I'm sure this has been answered by some of the more knowledgeable people down below, but I'll put in my two cents here.
The answer to this generally depends on use case.
If you're looking to not disturb your significant other while they're sleeping, then yes, the closed-backs offer superior noise isolation and will let them sleep in peace. I've found that open-backs, even when not played loudly, can leak out quite a bit of sound even when played quietly (and I tend to listen at relatively soft volumes). They also have the advantage of having better bass response due to the fact that the sound is contained within the earcups.
However, the downside is that the sound bouncing around in the earcups can cause unwanted distortion of the driver and can also muddy frequencies produced by the headphone. Also, they trap heat much more easily, tend to be heavier, and definitely suffer from the "in-your-skull" sound that is a (legitimate) criticism of headphone listening.
If you're in an environment where you won't disturb others (or the other people don't care), then open-backs offer superior soundstage, a much more natural sound, tend to be lighter, and trap way less heat. With the majority of my open-back headphones, I can keep them on for long periods of time and not really notice any discomfort due to heat.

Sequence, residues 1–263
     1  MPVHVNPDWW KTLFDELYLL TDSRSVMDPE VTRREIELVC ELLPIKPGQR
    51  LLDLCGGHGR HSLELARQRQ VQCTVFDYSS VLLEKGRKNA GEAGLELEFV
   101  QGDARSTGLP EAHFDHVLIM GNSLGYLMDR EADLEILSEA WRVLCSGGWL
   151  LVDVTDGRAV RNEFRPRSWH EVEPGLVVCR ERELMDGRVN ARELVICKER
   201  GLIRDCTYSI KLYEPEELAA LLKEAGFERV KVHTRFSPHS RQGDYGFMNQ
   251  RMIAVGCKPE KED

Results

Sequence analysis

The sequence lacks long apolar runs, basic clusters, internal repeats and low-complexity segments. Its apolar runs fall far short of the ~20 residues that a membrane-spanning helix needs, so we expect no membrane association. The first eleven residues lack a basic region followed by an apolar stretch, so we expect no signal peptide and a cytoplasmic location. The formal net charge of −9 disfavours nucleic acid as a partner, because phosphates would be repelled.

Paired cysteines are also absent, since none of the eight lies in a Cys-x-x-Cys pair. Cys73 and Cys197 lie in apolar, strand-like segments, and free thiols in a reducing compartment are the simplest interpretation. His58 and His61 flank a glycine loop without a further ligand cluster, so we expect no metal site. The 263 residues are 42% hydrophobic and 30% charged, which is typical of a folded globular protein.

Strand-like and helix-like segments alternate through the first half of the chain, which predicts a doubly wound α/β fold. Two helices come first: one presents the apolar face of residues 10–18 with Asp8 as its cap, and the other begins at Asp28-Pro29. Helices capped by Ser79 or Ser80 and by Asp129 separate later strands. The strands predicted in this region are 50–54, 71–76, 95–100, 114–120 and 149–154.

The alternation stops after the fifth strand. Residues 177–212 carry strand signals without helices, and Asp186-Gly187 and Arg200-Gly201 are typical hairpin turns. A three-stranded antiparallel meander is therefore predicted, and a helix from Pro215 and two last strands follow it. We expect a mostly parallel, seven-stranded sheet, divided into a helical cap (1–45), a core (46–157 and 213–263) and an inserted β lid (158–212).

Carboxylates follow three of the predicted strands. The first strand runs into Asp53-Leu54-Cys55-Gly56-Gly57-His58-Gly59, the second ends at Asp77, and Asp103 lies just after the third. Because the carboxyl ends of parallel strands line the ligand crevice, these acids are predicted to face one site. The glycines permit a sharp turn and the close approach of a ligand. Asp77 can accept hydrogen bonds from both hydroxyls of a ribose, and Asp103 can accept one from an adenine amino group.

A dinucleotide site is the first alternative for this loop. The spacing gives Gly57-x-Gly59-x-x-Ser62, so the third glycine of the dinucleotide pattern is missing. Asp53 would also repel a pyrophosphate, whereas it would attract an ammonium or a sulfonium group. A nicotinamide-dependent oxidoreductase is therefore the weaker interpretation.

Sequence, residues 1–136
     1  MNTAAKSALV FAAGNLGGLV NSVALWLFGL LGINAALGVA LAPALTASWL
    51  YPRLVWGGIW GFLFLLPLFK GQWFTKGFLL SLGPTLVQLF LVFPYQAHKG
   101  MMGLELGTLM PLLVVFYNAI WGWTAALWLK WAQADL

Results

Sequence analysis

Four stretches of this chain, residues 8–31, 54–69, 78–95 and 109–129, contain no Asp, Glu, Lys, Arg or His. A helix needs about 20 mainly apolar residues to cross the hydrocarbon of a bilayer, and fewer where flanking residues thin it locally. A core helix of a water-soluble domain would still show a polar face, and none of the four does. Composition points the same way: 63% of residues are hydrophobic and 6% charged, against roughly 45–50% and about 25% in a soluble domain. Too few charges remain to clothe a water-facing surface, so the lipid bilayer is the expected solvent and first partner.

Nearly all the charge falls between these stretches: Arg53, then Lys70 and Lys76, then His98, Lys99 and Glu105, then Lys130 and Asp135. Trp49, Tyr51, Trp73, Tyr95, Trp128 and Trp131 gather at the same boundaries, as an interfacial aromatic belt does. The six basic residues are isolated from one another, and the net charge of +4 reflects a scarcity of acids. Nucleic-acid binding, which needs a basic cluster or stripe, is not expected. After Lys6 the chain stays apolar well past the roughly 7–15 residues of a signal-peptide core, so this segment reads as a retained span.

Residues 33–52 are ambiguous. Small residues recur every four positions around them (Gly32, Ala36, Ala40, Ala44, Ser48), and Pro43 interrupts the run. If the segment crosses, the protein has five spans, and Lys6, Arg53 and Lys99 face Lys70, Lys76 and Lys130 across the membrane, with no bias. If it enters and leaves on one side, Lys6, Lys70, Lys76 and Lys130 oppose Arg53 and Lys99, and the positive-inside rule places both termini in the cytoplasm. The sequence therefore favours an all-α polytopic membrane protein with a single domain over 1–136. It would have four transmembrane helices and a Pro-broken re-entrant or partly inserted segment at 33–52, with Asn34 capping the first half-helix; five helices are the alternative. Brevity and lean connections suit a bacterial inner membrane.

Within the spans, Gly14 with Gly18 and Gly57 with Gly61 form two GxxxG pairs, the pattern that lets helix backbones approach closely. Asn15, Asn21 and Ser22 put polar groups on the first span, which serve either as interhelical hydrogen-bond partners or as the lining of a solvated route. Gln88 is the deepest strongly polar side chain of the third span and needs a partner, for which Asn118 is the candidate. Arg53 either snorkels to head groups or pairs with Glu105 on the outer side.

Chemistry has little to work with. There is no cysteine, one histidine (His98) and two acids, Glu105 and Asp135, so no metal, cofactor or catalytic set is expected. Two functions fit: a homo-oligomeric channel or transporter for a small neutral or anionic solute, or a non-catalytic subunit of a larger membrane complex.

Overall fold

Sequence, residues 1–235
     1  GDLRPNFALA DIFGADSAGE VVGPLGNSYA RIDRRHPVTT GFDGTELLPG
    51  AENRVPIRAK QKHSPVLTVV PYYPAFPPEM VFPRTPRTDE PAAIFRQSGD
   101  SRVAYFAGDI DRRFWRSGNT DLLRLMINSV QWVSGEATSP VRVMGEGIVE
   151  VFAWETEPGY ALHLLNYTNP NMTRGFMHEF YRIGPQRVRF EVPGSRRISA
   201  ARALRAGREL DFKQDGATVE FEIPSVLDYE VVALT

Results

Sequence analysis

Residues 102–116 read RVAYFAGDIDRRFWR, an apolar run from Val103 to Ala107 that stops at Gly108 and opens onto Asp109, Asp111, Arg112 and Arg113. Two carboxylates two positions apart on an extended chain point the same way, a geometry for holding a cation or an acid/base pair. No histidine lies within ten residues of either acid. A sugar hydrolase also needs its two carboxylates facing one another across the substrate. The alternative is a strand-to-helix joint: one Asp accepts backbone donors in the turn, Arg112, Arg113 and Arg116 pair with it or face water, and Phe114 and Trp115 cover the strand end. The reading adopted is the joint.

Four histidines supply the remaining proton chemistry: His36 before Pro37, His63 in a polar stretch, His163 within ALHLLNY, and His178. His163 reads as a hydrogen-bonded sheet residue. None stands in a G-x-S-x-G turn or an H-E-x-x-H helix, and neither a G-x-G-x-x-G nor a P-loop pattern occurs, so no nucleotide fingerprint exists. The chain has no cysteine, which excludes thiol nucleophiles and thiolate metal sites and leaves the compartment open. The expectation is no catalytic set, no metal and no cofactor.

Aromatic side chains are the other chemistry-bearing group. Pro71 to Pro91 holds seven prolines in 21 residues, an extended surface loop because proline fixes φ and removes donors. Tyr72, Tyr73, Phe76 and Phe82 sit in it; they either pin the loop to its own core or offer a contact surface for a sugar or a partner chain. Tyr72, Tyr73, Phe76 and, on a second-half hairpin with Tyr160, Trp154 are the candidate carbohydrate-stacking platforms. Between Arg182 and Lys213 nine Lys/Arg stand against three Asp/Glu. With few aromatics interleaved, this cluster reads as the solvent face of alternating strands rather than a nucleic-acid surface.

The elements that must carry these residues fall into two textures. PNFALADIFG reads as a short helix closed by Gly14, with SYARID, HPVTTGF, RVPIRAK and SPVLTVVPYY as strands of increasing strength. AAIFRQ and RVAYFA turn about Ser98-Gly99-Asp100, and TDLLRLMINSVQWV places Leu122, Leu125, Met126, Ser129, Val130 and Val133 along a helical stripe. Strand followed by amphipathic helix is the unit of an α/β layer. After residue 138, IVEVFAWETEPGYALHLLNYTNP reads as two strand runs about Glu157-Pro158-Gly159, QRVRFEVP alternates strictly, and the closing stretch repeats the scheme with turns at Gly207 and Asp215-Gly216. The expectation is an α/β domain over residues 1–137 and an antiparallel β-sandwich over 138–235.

That being said, the drawback is that they not only leak out sound to everyone around you (basically, don't use these if you want a private session with some 'adult' material), they also let all sound in. Which means that you'll hear everything around you at the same time, making them generally unsuitable for outside use. However, some people (like me) find this trait to actually be beneficial, as I maintain awareness of when cars pass by when I walk. Also, they can have less bass due to the fact that none of the sound bounces back.
One design is not inherently "better" than the other. The really important thing is do they sound good to you? If the answer is yes, who cares what their design is?